15 Songs, 1 Hour 8 Minutes

EDITORS’ NOTES

Though they were sworn enemies in their youths, KRS-One and Marley Marl eventually joined forces in old age: two sage gunfighters united against a younger and more reckless generation. Though the chilling “Kill a Rapper” is one of KRS’s most pointed admonishments, Hip Hop Lives mostly avoids allocution and instead focuses on capturing the distinct flavor of the duo’s shared home, New York City. From the Jamaican and Puerto Rican flourishes of “Nothing New” and “Musika” to the thrillingly murky “All Skool,” the album extols everything that is—or was—jubilantly dangerous about the city where rap was born.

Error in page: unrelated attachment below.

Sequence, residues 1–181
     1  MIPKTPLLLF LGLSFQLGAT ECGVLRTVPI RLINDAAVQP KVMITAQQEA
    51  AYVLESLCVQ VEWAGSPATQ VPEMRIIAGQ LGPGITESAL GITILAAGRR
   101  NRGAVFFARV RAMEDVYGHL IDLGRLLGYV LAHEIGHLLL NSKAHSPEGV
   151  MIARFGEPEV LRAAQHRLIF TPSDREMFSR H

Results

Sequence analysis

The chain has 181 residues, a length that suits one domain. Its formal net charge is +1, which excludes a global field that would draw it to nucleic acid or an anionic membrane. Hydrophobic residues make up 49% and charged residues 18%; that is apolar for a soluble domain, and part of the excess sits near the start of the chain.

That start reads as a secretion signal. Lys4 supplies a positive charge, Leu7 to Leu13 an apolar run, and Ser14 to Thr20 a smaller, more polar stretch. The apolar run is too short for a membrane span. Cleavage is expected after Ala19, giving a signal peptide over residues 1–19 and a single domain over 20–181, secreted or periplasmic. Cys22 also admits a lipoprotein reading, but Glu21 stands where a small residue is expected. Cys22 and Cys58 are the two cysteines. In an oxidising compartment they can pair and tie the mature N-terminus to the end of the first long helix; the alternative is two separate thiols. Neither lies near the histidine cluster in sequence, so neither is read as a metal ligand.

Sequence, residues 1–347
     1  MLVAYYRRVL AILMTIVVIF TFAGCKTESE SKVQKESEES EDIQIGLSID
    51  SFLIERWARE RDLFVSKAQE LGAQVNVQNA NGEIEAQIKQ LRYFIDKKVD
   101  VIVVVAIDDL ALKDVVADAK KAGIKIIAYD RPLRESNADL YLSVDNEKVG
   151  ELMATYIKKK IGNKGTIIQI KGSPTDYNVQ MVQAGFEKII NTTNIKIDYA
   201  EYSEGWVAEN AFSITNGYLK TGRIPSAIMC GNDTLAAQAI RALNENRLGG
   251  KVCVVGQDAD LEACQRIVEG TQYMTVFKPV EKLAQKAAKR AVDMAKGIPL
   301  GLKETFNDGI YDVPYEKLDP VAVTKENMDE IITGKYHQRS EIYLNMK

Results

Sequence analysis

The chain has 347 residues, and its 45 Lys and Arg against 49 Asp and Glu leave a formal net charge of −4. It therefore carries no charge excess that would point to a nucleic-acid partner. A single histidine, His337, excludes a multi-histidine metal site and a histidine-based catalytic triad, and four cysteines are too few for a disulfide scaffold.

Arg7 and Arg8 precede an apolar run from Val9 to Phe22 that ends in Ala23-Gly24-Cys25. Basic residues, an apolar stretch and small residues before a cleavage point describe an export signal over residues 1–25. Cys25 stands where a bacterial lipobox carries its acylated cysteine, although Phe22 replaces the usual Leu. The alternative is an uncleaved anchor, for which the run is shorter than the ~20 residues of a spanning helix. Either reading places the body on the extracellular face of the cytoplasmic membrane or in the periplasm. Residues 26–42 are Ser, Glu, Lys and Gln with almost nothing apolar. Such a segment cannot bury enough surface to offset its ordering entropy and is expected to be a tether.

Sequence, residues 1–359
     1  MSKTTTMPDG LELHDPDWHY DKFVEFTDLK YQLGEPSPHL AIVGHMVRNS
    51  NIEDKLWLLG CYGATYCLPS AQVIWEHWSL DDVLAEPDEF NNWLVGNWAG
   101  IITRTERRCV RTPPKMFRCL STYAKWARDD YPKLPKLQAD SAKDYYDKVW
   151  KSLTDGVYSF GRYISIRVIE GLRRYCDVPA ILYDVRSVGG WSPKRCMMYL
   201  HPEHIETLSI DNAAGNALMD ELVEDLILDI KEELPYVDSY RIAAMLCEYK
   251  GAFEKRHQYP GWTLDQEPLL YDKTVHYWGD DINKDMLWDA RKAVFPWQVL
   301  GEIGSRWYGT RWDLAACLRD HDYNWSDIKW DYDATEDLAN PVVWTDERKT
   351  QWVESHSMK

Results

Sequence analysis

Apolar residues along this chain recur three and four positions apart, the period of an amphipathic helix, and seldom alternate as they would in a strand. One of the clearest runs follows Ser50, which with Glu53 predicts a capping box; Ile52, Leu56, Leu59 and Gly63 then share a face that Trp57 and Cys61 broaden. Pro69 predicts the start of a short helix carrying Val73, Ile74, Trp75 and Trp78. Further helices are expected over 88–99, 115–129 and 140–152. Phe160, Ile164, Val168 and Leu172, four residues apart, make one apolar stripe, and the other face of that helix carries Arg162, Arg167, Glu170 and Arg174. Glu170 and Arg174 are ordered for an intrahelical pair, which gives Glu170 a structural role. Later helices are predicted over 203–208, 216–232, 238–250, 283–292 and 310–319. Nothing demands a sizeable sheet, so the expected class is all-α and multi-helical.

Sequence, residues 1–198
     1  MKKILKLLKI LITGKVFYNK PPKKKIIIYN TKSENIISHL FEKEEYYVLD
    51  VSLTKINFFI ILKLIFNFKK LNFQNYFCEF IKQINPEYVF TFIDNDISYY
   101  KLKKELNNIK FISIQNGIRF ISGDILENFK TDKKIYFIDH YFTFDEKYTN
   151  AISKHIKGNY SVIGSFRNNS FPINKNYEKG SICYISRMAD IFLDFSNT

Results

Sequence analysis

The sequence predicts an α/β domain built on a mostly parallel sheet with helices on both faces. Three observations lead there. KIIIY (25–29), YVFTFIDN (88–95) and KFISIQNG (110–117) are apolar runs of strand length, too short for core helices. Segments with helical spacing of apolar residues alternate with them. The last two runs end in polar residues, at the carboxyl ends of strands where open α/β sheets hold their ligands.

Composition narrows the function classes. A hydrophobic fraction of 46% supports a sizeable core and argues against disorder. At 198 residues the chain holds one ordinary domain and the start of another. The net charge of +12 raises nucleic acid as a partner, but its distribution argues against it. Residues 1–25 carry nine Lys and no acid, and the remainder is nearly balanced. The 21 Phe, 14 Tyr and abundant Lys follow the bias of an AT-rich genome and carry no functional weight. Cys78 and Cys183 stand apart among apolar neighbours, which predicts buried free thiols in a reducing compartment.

EDITORS’ NOTES

Though they were sworn enemies in their youths, KRS-One and Marley Marl eventually joined forces in old age: two sage gunfighters united against a younger and more reckless generation. Though the chilling “Kill a Rapper” is one of KRS’s most pointed admonishments, Hip Hop Lives mostly avoids allocution and instead focuses on capturing the distinct flavor of the duo’s shared home, New York City. From the Jamaican and Puerto Rican flourishes of “Nothing New” and “Musika” to the thrillingly murky “All Skool,” the album extols everything that is—or was—jubilantly dangerous about the city where rap was born.

TITLE TIME
15

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